Author(s): Finch L, Barbeau H, Arsenault B
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Abstract The recovery of locomotion, following interactive training with graded weight support, in the adult spinal cat has led to the proposal that removal of body weight may be a therapeutic tool in human gait retraining. There would be benefits, however, in knowing normal responses of humans to partial weight bearing before applying this strategy to patients. In this study, 10 nondisabled male subjects walked on a treadmill while 0\%, 30\%, 50\%, and 70\% of their body weight was supported by a modified climbing harness. To dissociate the changes attributable to walking speed from those attributable to body weight, each subject walked at the specified body-weight-support (BWS) levels and at full weight bearing (FWB) at the same speed. Simultaneously, electromyographic data from the right leg muscles, footswitch signals, and video recording of joint motion were collected. The FWB and BWS gaits appeared similar, except at the highest level of BWS studied (ie, 70\% of BWS). Significant differences among other BWS and FWB trials at comparable speeds included decreases in percentage of stance, percentage of total double-limb support time, and maximum hip and knee flexor swing angle. Other adaptations to BWS were a reduction in the mean burst amplitude of the muscles that are active during stance and an increase in the mean burst amplitude of the tibialis anterior muscle. The possible implications of this new gait retraining strategy for patients with neurological impairment are discussed. [Finch L, Barbeau H, Arsenault B. Influence of body weight support on normal human gait: development of a gait retraining strategy.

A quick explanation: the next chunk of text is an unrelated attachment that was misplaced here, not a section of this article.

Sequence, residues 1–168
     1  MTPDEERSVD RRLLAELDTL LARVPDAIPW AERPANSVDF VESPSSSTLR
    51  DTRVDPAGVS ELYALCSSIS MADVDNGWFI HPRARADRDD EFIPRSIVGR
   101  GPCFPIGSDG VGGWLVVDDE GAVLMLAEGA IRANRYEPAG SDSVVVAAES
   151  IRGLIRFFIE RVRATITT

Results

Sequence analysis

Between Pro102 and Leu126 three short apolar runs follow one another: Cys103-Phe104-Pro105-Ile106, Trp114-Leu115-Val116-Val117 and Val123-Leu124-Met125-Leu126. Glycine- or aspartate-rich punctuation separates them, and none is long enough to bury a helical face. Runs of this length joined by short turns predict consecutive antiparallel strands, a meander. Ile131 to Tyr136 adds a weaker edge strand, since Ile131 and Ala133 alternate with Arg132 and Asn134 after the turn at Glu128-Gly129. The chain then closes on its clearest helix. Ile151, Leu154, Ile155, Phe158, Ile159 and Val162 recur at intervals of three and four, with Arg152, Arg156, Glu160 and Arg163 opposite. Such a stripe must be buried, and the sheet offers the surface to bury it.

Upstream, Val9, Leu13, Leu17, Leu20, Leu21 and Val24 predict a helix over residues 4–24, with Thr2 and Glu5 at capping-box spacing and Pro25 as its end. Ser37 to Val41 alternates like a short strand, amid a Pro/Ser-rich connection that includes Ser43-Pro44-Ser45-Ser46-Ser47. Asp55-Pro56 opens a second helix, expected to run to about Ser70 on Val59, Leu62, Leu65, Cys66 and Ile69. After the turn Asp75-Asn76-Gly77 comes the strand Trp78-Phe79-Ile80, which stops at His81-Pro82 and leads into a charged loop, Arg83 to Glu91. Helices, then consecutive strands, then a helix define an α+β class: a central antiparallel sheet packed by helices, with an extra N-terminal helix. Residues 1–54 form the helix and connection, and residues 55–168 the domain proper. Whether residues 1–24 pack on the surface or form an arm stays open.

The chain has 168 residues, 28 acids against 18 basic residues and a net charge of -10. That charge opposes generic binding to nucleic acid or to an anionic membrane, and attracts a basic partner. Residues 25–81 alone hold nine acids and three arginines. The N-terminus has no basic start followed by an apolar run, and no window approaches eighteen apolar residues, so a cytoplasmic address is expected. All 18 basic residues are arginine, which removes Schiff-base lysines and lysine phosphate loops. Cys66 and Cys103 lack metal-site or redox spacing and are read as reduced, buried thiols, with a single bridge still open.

This article was published in Phys Ther
and referenced in Journal of Novel Physiotherapies